Jul 082012
 
Cancer-Related Medical Emergencies: Tumor Lysis Syndrome

Cancer-Related Medical Emergencies: Acute Tumor Lysis Syndrome (More PulmCCM Topic Updates) The prevalence of multiple cancers are expected to rise in the United States over the coming decades. Despite improved survival with some cancers, some people with malignancy will develop cancer related emergencies; for a few, this will be the first manifestation of their cancer. [… read more]

Jul 072012
 
GM-CSF (Leukine) for acute lung injury & ARDS (RCT)

Human recombinant granulocyte macrophage colony stimulating factor (GM-CSF or Leukine) did not reduce ventilator-days in patients with acute lung injury / ARDS in a randomized trial published in the January 2012 Critical Care Medicine. Why would it have? Interestingly, patients with ARDS with higher levels of GM-CSF in their BAL fluid are more likely to survive. GM-CSF maintains [… read more]

Jul 062012
 
NSCLC: Anti-PD-L1 immunotherapy breaks ground, buys time for some

Immunotherapy — creating antibodies to tumor markers, then activating the immune system to selectively kill cancer cells — is the newest and most-hyped frontier of oncology. And with some justification: the mechanism is cleaner and kinder than chemotherapy, and being a whole new treatment modality, can complement and augment traditional therapies. Results of immunotherapy in [… read more]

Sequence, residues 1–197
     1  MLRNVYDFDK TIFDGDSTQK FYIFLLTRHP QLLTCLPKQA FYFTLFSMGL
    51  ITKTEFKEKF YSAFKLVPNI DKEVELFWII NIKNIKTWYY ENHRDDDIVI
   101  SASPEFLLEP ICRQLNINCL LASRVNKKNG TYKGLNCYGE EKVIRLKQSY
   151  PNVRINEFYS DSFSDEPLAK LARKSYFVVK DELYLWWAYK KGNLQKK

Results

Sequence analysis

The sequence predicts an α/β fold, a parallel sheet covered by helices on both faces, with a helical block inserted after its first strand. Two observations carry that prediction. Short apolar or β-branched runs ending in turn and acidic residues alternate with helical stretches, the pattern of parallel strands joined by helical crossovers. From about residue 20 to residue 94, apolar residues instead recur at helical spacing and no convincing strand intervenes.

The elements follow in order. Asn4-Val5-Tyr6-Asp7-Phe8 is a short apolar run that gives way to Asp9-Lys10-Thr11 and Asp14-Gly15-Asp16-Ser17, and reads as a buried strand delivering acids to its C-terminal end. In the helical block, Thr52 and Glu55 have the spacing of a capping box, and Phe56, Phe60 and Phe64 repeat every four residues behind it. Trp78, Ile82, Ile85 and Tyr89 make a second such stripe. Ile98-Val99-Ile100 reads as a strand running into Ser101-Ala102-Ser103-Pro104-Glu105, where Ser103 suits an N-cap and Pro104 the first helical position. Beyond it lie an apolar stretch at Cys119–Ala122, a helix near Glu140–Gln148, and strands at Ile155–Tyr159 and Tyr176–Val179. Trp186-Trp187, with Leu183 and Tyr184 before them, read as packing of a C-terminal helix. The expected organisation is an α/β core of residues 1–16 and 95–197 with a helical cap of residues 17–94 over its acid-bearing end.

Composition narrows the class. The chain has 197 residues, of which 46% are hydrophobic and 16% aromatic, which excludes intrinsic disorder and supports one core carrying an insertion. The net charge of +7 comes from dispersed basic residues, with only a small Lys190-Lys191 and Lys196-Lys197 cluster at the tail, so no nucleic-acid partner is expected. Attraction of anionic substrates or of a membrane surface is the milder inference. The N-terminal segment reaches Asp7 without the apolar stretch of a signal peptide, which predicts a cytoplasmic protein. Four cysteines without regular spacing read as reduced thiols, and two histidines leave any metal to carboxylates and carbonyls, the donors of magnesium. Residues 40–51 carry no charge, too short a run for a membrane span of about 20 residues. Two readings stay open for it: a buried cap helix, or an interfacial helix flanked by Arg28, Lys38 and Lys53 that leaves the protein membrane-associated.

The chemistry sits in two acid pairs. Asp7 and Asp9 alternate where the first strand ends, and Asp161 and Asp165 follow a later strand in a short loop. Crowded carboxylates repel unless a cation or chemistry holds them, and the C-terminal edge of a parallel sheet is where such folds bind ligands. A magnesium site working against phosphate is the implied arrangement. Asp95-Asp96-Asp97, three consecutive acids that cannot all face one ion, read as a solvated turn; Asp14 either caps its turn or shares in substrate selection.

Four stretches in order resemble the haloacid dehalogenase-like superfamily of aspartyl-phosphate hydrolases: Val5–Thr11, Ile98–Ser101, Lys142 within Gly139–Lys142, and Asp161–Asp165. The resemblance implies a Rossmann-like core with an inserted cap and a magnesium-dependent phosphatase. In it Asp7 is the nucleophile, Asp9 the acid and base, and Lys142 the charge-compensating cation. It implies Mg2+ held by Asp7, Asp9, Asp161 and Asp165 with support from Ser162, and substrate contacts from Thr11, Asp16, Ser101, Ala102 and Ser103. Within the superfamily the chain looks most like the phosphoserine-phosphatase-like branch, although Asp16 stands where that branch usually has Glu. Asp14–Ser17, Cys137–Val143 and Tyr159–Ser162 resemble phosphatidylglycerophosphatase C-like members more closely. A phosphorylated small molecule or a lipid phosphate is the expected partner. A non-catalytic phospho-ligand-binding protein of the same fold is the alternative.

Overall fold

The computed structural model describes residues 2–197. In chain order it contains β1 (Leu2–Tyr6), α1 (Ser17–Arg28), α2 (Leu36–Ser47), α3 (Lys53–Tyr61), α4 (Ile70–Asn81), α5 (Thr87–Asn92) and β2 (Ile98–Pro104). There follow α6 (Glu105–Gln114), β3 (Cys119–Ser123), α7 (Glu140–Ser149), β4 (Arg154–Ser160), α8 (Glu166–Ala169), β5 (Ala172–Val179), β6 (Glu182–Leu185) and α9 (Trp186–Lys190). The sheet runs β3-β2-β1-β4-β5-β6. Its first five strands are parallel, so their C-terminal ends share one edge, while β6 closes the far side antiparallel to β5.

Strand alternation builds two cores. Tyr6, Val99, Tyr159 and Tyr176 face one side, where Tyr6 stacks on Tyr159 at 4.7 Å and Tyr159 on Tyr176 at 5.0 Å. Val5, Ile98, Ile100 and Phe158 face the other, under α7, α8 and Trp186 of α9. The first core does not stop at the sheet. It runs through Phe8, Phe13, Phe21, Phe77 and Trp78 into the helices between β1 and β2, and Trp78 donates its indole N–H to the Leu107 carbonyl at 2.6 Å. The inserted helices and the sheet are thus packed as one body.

Jul 042012
 
Blood pressure cuffs vs arterial lines for hypotensive patients

If you and your team just can’t get an arterial line into your critically ill, hypotensive patient for continuous invasive blood pressure measurement, you may be somewhat comforted by a study in Critical Care Medicine. Authors found that among 150 critically ill patients (83 of whom were in shock), mean arterial pressure (MAP) measurements with an [… read more]

Jul 032012
 
Dynamic extrathoracic airway obstruction

For a great video example of dynamic extra-thoracic airway obstruction, click the below link to the July 5, 2012 New England Journal of Medicine. This 53-year-old woman had a traumatic laryngeal fracture as a child, and presented with daytime somnolence and inspiratory stridor. On laryngoscopy, she had proliferation of the mucosa over the vocal cords, [… read more]